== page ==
Rick William Elkin was born in Pasadena, California,
(Note: I submitted this essay to the UT San Diego newspaper just prior to the holidays, as a part of a 'contest' to see how locals defined Patriotism. I did not win, nor was my entry published.
But I think it worth noting that most of the entries were from small children. That is great and I enjoyed their take on the subject. But I must say, it did not make me feel real good about how our children are growing up; they are overly concerned with themselves and what makes them 'feel good.' No once did I see any reference to any obligations that go along with their 'love' of country, parents, and schools.
My sense is, that our public schools are so obsessed with pushing self esteem, diversity, and understanding, that any notion of self sacrifice smacks of nationalism/militarism and is therefore taboo.)
This whole discussion has come on the heels of a number of proposed legislative efforts to limit or eliminate the few minutes before school for students to recite the Pledge of Allegiance...
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As a little guy, I stood every morning with my hand over my heart to recite the Pledge of Allegiance. It made me proud I was lucky to be born American. As I grew I wondered if children in other countries practiced similar rituals everyday? I knew one thing for sure, their country didn't provide 'Liberty and Justice for All.'
None of it really meant much to me until I joined a Little League team and before every game we sang the National Anthem and recited the Pledge. When we took the field, I felt a sense of pride and was inspired to play hard to try to win every game. Not to 'beat' my opponent, but to reaffirm my dedication and brotherhood with my teammates. They were my second Family.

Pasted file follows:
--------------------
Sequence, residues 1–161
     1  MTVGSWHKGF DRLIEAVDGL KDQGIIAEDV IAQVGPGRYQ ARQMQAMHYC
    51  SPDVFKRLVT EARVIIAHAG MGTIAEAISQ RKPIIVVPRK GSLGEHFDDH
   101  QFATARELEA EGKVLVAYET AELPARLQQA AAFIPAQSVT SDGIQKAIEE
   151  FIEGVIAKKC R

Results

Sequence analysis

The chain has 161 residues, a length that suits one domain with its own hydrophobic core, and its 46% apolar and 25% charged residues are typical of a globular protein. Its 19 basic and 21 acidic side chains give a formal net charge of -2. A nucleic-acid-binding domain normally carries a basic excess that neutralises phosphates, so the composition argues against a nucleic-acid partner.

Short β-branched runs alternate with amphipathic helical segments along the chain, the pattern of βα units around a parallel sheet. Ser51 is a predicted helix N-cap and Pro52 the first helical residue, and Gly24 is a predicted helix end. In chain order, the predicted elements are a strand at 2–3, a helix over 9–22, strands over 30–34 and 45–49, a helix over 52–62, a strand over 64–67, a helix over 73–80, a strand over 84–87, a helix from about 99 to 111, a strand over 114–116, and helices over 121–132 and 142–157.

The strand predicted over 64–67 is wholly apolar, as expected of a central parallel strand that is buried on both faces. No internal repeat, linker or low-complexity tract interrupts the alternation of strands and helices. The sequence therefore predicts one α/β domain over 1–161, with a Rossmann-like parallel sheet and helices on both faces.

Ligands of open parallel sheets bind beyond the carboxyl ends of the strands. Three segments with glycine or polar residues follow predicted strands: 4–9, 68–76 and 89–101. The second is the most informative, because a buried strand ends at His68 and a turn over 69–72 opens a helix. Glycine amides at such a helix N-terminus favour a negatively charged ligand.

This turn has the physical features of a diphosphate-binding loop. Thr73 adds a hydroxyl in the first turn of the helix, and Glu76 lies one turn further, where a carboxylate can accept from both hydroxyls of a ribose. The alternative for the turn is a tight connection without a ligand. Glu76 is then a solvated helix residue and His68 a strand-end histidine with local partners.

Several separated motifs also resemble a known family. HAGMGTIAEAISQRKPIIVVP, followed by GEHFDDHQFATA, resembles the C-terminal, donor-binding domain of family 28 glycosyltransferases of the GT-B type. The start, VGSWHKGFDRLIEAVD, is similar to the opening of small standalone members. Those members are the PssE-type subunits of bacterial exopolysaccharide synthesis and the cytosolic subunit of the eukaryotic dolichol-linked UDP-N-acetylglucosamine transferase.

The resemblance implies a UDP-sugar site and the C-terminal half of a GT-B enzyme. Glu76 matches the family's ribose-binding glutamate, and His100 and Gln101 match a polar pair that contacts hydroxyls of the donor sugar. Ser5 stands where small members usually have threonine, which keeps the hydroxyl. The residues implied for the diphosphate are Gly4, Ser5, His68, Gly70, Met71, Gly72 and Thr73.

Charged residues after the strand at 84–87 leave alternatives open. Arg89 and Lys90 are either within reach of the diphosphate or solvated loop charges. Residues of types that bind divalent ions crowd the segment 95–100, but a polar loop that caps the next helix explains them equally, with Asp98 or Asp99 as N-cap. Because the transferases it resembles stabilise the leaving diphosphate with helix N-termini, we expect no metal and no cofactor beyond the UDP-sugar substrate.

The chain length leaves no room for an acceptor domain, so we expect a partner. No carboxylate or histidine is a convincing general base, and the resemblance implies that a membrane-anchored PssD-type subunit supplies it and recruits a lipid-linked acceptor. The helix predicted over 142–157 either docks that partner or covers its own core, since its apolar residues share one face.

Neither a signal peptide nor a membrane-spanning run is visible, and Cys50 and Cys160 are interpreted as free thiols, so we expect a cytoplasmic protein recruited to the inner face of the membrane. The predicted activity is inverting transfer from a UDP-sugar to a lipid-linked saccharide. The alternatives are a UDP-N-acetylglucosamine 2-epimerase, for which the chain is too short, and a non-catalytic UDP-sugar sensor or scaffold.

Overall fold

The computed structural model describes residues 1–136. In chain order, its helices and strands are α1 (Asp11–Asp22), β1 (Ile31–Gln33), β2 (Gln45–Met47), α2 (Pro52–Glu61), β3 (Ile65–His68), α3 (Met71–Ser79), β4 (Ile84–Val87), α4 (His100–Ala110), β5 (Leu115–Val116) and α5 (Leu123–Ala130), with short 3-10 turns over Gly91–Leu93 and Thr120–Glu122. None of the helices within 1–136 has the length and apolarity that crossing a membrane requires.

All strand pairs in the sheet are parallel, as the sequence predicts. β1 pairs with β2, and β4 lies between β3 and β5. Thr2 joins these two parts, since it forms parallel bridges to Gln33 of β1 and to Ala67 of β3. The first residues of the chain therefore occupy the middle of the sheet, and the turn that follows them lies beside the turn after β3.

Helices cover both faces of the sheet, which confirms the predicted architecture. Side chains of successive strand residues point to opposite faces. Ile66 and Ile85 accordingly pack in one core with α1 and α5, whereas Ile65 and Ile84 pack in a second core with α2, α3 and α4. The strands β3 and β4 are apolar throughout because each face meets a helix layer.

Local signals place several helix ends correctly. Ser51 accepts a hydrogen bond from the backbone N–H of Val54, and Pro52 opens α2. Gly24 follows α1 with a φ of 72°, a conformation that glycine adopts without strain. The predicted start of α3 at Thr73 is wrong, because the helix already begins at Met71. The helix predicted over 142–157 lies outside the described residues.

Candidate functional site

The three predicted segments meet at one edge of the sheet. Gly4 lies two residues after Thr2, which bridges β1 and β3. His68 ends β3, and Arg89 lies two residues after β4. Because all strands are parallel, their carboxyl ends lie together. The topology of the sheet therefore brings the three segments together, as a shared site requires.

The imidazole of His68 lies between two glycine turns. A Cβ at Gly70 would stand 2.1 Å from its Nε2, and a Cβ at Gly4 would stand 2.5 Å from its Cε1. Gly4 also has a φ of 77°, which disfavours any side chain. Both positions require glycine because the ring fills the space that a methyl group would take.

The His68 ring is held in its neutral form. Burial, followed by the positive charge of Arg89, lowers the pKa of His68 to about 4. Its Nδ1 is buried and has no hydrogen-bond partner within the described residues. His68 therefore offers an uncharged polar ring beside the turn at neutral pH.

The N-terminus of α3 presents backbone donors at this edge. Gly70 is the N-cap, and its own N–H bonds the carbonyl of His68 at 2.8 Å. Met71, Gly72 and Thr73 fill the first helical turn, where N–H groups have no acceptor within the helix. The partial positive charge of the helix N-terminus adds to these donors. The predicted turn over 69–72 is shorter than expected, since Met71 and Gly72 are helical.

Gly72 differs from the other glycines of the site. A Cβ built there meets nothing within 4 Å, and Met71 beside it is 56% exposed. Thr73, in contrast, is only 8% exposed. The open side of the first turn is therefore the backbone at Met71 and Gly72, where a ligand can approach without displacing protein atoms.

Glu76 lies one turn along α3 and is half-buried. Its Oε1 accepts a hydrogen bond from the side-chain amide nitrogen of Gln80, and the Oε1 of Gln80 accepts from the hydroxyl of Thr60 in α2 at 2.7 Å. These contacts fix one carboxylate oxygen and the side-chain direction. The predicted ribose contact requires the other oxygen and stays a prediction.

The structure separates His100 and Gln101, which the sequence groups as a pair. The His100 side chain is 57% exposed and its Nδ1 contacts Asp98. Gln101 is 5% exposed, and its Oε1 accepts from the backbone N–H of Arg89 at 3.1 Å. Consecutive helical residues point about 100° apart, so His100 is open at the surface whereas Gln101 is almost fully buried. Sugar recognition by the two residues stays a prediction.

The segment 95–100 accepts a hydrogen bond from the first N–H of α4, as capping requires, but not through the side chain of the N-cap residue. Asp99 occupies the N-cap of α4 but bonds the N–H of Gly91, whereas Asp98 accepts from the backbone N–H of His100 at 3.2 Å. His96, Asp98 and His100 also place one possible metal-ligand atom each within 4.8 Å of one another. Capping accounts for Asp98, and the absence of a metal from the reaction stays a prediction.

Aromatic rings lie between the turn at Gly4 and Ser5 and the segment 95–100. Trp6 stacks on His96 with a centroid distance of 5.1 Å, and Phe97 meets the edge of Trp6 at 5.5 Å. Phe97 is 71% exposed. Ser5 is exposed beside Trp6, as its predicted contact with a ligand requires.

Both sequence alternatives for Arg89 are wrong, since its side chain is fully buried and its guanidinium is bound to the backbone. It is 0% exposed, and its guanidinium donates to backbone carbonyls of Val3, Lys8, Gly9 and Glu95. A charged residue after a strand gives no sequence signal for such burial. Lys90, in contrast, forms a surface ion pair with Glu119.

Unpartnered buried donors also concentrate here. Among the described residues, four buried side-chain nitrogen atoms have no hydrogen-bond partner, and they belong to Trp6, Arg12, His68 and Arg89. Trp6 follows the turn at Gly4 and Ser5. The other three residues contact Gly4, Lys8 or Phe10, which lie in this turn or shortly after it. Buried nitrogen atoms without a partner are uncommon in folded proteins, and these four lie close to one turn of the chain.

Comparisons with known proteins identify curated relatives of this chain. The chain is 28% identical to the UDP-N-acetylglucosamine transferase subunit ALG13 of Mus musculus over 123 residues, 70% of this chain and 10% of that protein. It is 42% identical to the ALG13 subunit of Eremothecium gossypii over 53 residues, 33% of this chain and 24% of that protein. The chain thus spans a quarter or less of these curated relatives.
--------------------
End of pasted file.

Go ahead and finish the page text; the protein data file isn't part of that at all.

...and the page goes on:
Our Family has always been extremely close. I knew if it ever became necessary, I would lay down my life to protect my Mom and Dad or my brother. No questions asked, right or wrong, I needed to be there for them just as they had always been there for me.
During the Vietnam conflict I was of draft age and I wrestled with the moral dilemma of sending young men to battle indigenous villagers in the jungles of their backyard. But one thing kept coming back to me: I respected those who chose to go. They were my brothers and, right or wrong, I needed to be there for THEM, as I am sure they felt, they were being there for ME.
Subsequent life changing events, marriage and children, my mom and my best friend both succumbing to cancer in midlife, brought my worldview into focus. My immediate family, my teammates, my American citizenship, they were in effect, all the same thing. It was just a matter of scale. My allegiance, and my sense of responsibility, were interwound around my need to belong. To be Family.
To the best of my knowledge, a sense of belonging is as basic a human need as sex. It is a fundamental drive that functions as a survival mechanism, promoting things like self sacrifice which ultimately supports the greater need. It is what separates civilized societies from barbarian tribes.
Patriotism could just as well be called Familyism, because that is what it means to me.